The late Mr Talifero (Mr Talifero) commenced proceedings against Amaca Pty Ltd (Amaca) alleging that, as a result of his exposure to asbestos dust and fibre emanating from asbestos cement products manufactured by Amaca, he had contracted mesothelioma.
In Mr Talifero’s Statement of Particulars he provided a summary of his work history and exposure to asbestos. Mr Talifero provided details of his exposure to asbestos dust and fibre while employed overseas in the United Kingdom.
On 11 December 2017, Judge Russell SC delivered his reasons in David Talifero v Amaca Pty Ltd  NSWDDT 14 and also ordered judgment in favour of Mr Talifero against Amaca for $560,482 plus costs.
The Asbestos Injuries Compensation Fund Limited (The Trustee) made an application for judicial advice to determine whether the Trustee would be justified in not paying so much of the damages awarded by Judge Russell SC as reflects the extent to which Mr Tailfero was exposed to asbestos outside Australia.
Mr Talifero’s estate argued that the Trustee should be advised that it was required to pay the whole of the liability of Amaca under the judgment given by Judge Russell SC. It argued that refusal to do so amounted to a breach of the Final Funding Agreement and the Trust Deed.
The Trustees submitted that the definition of “personal asbestos claim” in the James Hardie Former Subsidiaries (Winding up and Administration) Act 2005 NSW (the 2005 Act), was ambiguous. It was then argued that the Asbestos Injuries Compensation Fund Amended and Restated Trust Deed dated 14 December 2006 (the Trust Deed) and the Amended and Restated Final Funding Agreement dated 21 November 2006 (Final Funding Agreement) confirmed that the only types or kinds of liability that may be paid by the Trustee or the liable entity were those arising from exposure to asbestos that occurred wholly within Australia or, in cases where the individual has been exposed to asbestos within and outside of Australia, any damages awarded in relation to that claim were limited to the amount attributable to the exposure in Australia.
In making this determination, Justice Sackar undertook the task of construing the 2005 Act, the Trust Deed, and the Final Funding Agreement.
Justice Sackar found that while there was some ambiguity and disconformity between the three documents, the documents were intended to operate together and a harmonious reading of the various related terms was essential.
Mr Talifero’s estate submitted that the whole of Mr Talifero’s claim was in relation to Australian exposure and not overseas exposure; it argued that the whole of the damages awarded by Judge Russell SC was in relation to Australian exposure and therefore the Trustee was obliged to pay the whole of the judgment awarded by Judge Russell SC.
It was further submitted that while Mr Talifero was exposed to asbestos dust and fibre during his employment in the United Kingdom, his claim did not rely on this exposure in his pleadings and therefore did not fall within the definition of “personal asbestos claim” in the 2005 Act.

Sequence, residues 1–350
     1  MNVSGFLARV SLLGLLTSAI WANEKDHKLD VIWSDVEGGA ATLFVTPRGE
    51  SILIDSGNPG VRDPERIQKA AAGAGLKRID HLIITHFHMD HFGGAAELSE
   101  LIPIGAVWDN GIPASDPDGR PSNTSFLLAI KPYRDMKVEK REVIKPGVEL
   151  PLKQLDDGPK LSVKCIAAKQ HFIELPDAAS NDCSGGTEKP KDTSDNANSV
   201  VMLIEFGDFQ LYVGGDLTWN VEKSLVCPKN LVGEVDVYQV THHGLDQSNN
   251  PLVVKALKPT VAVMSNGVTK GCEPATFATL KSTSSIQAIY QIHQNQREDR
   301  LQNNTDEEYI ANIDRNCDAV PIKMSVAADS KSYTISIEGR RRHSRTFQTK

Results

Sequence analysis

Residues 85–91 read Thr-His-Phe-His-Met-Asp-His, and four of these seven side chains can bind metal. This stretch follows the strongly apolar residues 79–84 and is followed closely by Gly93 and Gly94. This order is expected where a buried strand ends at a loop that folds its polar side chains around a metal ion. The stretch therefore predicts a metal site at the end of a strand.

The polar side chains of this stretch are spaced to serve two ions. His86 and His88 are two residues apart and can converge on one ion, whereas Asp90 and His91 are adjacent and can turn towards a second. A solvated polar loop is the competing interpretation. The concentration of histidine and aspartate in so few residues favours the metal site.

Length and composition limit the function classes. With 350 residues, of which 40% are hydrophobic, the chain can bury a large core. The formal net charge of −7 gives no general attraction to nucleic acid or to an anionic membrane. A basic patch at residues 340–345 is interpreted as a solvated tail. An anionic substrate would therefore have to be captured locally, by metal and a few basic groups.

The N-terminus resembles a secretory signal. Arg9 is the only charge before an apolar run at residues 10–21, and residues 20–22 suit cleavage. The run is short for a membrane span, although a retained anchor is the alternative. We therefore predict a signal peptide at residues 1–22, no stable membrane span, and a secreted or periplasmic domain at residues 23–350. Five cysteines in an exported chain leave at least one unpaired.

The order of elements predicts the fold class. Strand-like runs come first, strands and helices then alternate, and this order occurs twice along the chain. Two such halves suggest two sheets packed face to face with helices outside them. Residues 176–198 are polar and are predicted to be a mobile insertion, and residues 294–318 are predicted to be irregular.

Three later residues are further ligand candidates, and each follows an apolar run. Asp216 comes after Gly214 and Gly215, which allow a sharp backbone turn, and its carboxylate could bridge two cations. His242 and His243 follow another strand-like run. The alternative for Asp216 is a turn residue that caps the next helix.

Justice Sackar was not of the view that the word “claim” in the 2005 Act, the Final Funding Agreement or the Trust Deed, was intended to be confined to the pleadings. While acknowledging that mesothelioma is an indivisible disease and the legal test of causation in such matters, Justice Sackar said that:
“merely because the pleading of Mr Talifero before the Dust Diseases Tribunal gave rise to a global figure of $560,482.00 to be paid by Amaca, and the current evidence that mesothelioma is indivisible, does not detract from the requirement stipulated in the definition of “Personal Asbestos Claim” in the Final Funding Agreement and Trust Deed for the Trustee to make this apportionment exercise as a matter of fact. It is rather concerned with providing for a fair method of apportioning and paying claimants harmed by James Hardie asbestos now and into the future, and in the interests of the scheme as a whole.”
Justice Sackar held that the Trustee was only obliged to pay those personal asbestos claims as limited to the amount attributable to the proportion of the exposure which caused or contributed to the loss or damage which occurred in Australia.
The question of the proportion of the overseas exposure was left open by Justice Sackar, who observed that the medical evidence can determine whether the overseas exposure made a material contribution toward the mesothelioma.
Plaintiffs who seek damages for an indivisible disease, and have had exposure to asbestos dust and fibre overseas, may now refrain from suing Amaca Pty Ltd as a Defendant, if they are able to sue another Defendant, to avoid the risk of their damages being reduced in light of the Trustees’ inability to pay the overseas proportion of the asbestos exposure.
While the above approach may result in the Plaintiff obtaining 100% of his damages, it may leave a Defendant, or Cross Defendant, who claims a contribution from Amaca in a position where its claim for contribution from Amaca will not be satisfied in full by the Trustees.